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Hi all, need some help to verify my understanding. My knowledge on this is still rather green so please bear with me if my post seems like a repeat of the above advice so correct me if i have interpreted anything wrongly. I have attached the starting portion of the simulation log file on my parameters settings as well. With advice i have set the minimum timestep to be 1E10 w initial timestep at 1E3. With reference to the diagram above, can i safely say that the time step require to start convergence is 1.67777E4. Convergence Criteria Residual Type: RMS Residual Target: 1E05 Conservation Target: Set as 0.01 If the MAX and RMS value at each iteration decrease at individual timesteps it would be still converging. Once the convergence criteria has been reached or the value stop changing, it has converged. So base on which every residual type being set ie. RMS or MAX the simulation would stop after reaching the Residual Target value. [EDIT] The above statement seems wrong. I read through my post and log file and discover that the RMS value goes below 1E05. How do i relate the Residual target value with the RMS and MAX Residual? Quote:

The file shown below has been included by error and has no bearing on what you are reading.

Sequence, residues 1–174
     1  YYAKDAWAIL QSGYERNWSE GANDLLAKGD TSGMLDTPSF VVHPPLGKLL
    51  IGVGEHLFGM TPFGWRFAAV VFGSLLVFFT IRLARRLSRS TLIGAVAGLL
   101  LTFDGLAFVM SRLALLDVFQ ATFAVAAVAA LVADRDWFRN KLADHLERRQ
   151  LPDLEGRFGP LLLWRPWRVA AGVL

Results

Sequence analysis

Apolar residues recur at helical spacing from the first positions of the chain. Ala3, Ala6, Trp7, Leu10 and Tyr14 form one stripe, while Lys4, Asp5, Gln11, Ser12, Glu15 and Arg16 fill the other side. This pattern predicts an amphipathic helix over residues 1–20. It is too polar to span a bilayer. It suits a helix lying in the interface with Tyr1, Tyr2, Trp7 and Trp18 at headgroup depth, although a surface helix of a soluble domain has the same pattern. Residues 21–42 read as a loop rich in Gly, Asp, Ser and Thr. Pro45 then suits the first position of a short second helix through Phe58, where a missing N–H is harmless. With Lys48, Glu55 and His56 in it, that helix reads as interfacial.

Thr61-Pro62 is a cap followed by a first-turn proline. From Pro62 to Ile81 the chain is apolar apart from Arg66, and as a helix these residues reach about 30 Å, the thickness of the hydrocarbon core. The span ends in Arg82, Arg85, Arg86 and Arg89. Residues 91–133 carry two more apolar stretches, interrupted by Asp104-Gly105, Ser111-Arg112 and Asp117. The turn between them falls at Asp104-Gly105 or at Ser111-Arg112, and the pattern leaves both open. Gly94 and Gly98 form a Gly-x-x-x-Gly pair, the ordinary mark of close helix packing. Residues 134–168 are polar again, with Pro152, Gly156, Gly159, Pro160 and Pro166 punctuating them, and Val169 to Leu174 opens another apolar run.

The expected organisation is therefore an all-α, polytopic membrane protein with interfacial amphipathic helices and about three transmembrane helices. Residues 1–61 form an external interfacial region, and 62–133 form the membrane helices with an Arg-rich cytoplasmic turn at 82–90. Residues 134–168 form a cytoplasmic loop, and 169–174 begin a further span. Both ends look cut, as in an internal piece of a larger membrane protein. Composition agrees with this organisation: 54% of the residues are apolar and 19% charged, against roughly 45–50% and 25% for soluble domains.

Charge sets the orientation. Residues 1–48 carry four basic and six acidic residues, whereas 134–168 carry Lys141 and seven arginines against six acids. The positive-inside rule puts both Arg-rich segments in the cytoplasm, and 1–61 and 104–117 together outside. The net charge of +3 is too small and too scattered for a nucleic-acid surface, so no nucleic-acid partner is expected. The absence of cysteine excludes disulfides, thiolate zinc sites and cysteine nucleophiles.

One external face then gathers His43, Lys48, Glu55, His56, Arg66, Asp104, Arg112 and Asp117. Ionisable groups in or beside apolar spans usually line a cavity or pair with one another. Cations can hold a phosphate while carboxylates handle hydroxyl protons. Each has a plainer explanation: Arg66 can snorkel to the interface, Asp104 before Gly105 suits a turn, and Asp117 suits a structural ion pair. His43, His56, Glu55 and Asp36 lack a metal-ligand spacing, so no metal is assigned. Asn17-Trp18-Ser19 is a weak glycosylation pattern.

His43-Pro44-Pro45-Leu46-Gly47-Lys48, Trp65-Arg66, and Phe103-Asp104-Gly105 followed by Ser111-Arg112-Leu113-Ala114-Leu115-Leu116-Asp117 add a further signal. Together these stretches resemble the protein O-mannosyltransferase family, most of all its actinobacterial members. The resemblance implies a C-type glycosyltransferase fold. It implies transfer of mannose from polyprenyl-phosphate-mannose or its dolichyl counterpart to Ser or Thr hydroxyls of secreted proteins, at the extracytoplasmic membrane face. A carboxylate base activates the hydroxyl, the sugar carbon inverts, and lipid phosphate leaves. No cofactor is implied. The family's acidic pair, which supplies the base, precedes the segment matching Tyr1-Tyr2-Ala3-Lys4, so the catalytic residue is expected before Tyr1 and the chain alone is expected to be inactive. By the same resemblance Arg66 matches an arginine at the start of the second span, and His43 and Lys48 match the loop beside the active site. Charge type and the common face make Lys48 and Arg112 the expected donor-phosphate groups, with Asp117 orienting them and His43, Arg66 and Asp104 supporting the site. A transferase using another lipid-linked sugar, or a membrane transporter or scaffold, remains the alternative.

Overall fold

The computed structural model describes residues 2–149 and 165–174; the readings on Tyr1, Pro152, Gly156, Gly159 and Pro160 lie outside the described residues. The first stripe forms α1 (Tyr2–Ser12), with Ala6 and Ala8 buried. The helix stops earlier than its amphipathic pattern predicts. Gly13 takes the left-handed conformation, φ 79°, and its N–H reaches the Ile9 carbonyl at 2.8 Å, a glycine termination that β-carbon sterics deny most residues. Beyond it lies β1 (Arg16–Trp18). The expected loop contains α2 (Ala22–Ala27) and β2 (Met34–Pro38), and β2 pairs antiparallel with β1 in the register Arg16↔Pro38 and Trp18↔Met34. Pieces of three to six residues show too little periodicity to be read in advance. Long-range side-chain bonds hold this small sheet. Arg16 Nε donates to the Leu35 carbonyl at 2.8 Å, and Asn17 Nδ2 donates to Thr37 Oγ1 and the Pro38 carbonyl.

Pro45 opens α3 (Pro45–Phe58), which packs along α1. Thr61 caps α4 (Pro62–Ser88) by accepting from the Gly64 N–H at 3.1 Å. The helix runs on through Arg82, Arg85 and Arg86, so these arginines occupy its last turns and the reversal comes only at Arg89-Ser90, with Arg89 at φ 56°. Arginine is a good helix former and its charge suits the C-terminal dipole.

If not the simulation would just end after meeting the Residual Target above. Finally i have attached the start of the simulation log. I seems to have some issue with the simulation with it ending with the below error msg. Side Question: If according to above i have obtain the timestep before it start converging, can i input the value back to the timesteps options? The method in #02. Or is this a bad idea. TIME DURATION: Option = Total Time Total Time = 80 [min] END TIME STEPS: Option = Timesteps Timesteps = 1.67777E04 Last edited by Flaky; October 27, 2010 at 06:47. 

October 27, 2010, 09:13 

#20  
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Michael P. Owen
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Quote:
Quote:
The residuals can go below your target value on some equations if you have not met your other convergence criteria. You mus meet all convergence criteria for the solver to decide that the job is converged. And again, the solver can meet all your convergence criteria and still not be actually converged if bulk solution quantities like pressure, velocity, temperature are still changing. Quote:
Quote: